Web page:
Welcome to the November – December 2015 issue of Wholesale Manager, reaching you as Britain heads towards the Christmas and New Year break. As usual, while the nation relaxes, cash and carries and delivered wholesalers will be busy keeping customers stocked through the holidays. We hope all our readers get a break during the revelries.



Meanwhile in these pages we have features on Snacking and Business Technology, both at the heart of every delivered wholesale operation and cash and carry. We also have new stories from the wholesale business and the latest news from the suppliers.

As the Business Technology feature reminds us, wholesale managers these days are so reliant on technology that it’s impossible to imagine how their predecessors operated. Thirty years ago the typical cash and carry or delivered wholesaler had the minimum of technology, but they got on with it and used their brains, with the notorious exception of the greedy South London cash and carry owner mentioned in our feature.

As our other feature confirms, snacking is one of the biggest drivers of food purchases in every consumer sales channel. Wherever there’s a shop or catering outlet that’s open, any time of day or night people will buy things to eat and keep them going until their next meal. Which is great news for the cash and carries and delivered wholesalers who supply them.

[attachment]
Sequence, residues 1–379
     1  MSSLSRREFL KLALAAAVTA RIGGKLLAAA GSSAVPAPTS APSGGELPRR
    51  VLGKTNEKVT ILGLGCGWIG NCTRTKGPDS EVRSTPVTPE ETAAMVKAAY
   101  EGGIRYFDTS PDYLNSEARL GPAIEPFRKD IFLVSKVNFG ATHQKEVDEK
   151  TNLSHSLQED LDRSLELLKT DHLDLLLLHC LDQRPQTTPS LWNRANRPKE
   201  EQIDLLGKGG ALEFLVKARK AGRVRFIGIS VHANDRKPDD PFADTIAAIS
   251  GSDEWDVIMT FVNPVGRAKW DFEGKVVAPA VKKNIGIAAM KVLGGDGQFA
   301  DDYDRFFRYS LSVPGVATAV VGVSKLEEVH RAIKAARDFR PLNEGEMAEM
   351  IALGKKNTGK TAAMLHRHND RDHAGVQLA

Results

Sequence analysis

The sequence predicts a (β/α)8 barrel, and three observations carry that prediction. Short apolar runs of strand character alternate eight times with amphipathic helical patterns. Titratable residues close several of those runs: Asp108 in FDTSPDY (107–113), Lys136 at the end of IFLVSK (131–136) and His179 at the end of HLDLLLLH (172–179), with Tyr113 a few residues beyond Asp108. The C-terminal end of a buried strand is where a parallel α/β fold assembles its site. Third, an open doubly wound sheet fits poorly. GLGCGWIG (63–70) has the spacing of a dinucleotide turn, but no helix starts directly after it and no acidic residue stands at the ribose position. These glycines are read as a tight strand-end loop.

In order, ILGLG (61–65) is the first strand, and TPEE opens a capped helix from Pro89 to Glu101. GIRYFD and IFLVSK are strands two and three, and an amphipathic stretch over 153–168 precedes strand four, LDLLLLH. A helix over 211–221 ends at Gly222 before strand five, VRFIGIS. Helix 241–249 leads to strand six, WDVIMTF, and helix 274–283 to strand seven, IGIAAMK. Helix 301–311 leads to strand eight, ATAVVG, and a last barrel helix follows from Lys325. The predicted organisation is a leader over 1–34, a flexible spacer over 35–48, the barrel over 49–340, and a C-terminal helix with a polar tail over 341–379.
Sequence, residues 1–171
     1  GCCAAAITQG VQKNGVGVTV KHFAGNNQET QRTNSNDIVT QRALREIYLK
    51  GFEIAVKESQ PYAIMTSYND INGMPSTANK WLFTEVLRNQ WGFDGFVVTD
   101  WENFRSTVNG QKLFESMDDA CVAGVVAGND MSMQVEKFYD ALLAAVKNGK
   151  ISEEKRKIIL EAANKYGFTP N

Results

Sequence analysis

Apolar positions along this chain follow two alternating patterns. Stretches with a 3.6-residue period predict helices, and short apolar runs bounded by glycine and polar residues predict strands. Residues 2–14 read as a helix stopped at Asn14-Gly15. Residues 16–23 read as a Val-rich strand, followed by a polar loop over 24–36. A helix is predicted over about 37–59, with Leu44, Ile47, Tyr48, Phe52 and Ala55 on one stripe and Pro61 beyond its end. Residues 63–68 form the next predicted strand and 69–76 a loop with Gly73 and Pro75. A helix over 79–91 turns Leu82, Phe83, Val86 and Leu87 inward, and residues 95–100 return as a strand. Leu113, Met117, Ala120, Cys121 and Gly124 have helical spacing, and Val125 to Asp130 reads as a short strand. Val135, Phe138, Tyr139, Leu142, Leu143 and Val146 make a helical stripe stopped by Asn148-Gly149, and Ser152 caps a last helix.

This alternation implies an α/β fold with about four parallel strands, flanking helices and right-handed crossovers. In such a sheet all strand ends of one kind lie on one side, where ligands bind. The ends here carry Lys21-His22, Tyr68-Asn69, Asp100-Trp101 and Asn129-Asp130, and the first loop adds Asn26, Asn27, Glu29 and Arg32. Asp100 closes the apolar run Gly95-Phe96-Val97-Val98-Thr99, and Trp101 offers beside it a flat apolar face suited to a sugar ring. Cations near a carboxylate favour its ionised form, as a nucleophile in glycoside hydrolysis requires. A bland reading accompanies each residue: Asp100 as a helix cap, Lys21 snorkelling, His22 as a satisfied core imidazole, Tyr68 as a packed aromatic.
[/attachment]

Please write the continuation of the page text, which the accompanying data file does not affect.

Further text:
Make your Christmas coco-nutty! World foods brand Tropical Sun, which is featured on our front cover, is cementing its reputation as the king of coconut products with the launch of its Winter 2015 integrated marketing campaign. The campaign, live now, champions the brand’s range of coconut products and features prime time programme sponsorship across leading ethnic TV channels. There is also radio sponsorship, alongside print and online support in the run up to Christmas. As brand manager Jag Singh says, the unabating consumer appetite for all things coconut, coupled with heightened awareness of Tropical Sun, can help retailers deliver an uplift in sales and “bring a joyous, coco-nutty Christmas to all.”

As the season of goodwill approaches, the Government’s plans for longer Sunday shop opening have suffered a defeat for now, but late opening is a fact of life in enough other UK consumer sectors, so it is bound to come in time. Meanwhile we go along with SNP Westminster leader Angus Robertson, one of the dissenters, who felt longer Sunday trading should not happen at the expense of poorly paid shop workers. Or wholesale workers, for that matter.

Enjoy the holidays, and see you in the new year for our next issue

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